Since the rise of MTV and YouTube, fashion has long been a defining ingredient of music videos. Just think back to the most iconic music video looks of all time—from Beyoncé’s yellow ruffled Roberto Cavalli dress from ‘Lemonade’, to the boundary-pushing costumes of Lady Gaga, to the devastatingly coordinated ensembles of any Blackpink music video.
Enter Singapore’s very own Aisyah Aziz’s ‘Loving Room’—a crooning track that doubles as a love letter to herself, growth and self-acceptance. Accompanying the single is a hypnotic music video of Aziz in a series of unforgettable looks, which are as lingering as Aziz’s lyrics, especially when she inquires, “Take me as I’m letting you find a loving room—could you fit me in too?”
From a full-batik look by local label Ratianah Tahir against a backdrop of daisies to a diaphanous red poncho from Simone Rocha’s collaboration with Moncler Genius, there isn’t a frame in the music video that couldn’t pass off as a fashion editorial. Behind the kaleidoscopic tableau that was ‘Loving Room’ was a small but talented team—local photographer, Faiyaz, art directed and shot the video, while womenswear designer Putri Adif styled and custom-made Aziz’s looks.
Sharing their creative process, influences and experiences from the set of ‘Loving Room’, Vogue Singapore speaks to Adif and Faiyaz about the inimitable visual and sartorial language of the music video.
Tell us about the general direction you both were going for in ‘Loving Room.
Faiyaz: The aesthetic direction of the music video sits at a crossroads of both mine and Aisyah’s respective visual DNAs. My aesthetic is dreamy and nostalgic. Aisyah, on the other hand, brings a sense of playfulness and boldness to everything she does.
Putri: The styling direction was based on the concept behind ‘Loving Room’ and what it meant to Aisyah. A modern Malay woman, coming out of her cocoon, unapologetically turning into the woman that she is and wants to be. With that, it was very important for us to accentuate this Malay aspect in the styling.
Putri, what was it like translating this additional element of music through your styling?
Putri: I think that the relationship between fashion and music is so closely linked, and sound and visuals now coexist in this industry. Music is a form of expression and through styling, it allows the artist to expand that expression beyond sound. Artists now not only have a distinct sound, but are also attached to a certain visual style that brings their overall branding together. As superficial as it may sound, this helps communicate their message and aesthetic, and is great for targeting certain audiences. Personally, I’ve always had a strong passion for music, so it wasn’t hard for me to integrate that element into my styling.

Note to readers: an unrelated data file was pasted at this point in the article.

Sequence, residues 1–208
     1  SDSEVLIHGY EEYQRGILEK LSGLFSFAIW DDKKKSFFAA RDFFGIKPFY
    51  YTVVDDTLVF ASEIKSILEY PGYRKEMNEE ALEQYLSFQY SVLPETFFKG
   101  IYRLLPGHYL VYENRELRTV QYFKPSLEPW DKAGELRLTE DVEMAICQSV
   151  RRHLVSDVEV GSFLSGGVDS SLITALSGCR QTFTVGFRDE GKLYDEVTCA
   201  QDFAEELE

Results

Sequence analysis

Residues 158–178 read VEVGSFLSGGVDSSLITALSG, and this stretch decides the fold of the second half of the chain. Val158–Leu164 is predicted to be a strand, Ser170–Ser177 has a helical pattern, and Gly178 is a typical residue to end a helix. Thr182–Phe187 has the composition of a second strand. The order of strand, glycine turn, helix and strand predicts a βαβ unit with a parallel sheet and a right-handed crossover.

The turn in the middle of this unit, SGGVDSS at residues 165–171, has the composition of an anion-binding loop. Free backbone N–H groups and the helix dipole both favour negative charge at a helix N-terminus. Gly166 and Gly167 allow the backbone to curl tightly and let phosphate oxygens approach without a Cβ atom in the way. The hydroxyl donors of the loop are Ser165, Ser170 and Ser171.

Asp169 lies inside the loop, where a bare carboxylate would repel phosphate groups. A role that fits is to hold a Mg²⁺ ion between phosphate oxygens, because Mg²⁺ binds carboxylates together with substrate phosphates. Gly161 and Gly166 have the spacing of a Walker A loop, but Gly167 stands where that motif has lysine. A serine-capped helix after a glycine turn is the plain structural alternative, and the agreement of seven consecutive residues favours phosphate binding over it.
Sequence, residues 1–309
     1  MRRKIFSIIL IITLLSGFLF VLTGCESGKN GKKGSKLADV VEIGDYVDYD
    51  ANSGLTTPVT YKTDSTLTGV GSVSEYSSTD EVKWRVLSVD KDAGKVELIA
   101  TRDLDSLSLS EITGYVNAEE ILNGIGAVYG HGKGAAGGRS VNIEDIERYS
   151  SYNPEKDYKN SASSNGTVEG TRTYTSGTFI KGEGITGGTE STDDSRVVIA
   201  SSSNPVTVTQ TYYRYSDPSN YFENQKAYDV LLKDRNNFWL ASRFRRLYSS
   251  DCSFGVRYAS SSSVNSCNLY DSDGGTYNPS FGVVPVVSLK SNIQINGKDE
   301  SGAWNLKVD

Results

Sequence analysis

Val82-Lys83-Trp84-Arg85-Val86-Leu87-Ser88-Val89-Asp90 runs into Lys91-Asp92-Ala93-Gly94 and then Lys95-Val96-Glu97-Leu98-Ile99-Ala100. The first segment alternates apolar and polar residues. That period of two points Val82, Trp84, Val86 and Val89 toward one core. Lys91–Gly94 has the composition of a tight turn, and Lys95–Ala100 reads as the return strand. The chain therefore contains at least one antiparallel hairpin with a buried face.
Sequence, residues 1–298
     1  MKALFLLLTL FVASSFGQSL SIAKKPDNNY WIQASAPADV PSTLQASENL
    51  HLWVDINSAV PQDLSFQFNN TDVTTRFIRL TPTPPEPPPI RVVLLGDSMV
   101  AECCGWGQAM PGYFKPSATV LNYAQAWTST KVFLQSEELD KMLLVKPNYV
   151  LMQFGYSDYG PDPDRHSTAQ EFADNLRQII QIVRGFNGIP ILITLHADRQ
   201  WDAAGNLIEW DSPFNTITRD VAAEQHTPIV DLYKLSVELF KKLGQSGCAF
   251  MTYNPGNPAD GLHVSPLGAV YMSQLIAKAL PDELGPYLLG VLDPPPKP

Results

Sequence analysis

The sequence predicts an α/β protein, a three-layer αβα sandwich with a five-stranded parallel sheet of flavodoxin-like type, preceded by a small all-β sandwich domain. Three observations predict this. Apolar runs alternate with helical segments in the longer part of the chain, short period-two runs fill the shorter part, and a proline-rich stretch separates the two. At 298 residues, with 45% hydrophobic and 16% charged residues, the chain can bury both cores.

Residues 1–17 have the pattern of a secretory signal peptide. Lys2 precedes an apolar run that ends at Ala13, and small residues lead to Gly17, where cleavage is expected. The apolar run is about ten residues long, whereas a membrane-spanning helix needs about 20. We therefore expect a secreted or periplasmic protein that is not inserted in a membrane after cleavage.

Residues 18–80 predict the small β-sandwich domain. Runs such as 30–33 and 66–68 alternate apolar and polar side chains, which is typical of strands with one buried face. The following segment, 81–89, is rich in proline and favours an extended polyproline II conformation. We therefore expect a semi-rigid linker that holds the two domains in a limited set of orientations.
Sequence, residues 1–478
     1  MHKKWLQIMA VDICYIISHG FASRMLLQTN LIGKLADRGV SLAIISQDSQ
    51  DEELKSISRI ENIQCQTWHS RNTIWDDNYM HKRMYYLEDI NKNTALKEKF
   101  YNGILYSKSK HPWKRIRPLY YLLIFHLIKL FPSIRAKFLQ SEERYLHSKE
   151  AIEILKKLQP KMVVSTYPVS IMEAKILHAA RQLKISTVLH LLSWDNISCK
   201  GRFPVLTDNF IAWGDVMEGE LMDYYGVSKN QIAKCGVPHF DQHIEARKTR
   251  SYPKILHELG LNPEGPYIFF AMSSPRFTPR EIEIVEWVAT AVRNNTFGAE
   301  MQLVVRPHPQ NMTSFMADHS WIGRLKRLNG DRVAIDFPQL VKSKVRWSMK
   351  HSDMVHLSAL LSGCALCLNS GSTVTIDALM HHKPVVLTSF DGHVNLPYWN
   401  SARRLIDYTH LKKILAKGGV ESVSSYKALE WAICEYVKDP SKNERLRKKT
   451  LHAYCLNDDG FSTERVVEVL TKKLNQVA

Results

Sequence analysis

Did you have a favourite look?
Putri: I love them all, but if I had to choose, probably the batik look. We referenced a vintage painting we found of a Malay woman wearing a loose head wrap and batik fabric around the chest, called the ‘berkemban’ in Malay Bahasa—which was how Malay women would wear batik to take a bath in the river back in the day. We took that reference and it became one of the looks!
Faiyaz, can you tell us about your process working with Putri? Generally, what role do fashion and clothes play in your work?
It was a no-brainer bringing Putri onboard. She’s an extremely talented young designer and I knew she was the perfect fit when Aisyah shared her vision for styling. She wanted looks that were modern and edgy, but at the same time wanted to include elements of Malay culture, like Batik and headwraps. Putri immediately understood what we wanted and the three of us had an incredible rapport throughout the process.
“We wanted to convey Aisyah’s story of ‘Loving Room’ and what it meant to her through each look, which was all about self-love, duality, self-acceptance and freedom.”
Fashion and clothes are a big part of my work. I got into fashion photography very early on—which really taught me the importance of styling and how clothes can tell a story. It’s one of those things that can make or break a photograph. In true Virgo fashion, I’m a perfectionist and can get quite fixated over small details. Whenever possible, I prefer to handle the entirety of the process myself—from the styling, casting and art direction to the hair, makeup and production. All these elements have to be well-orchestrated to really amplify the narrative.
Putri, can you tell us more about the custom piece you designed for Aisyah?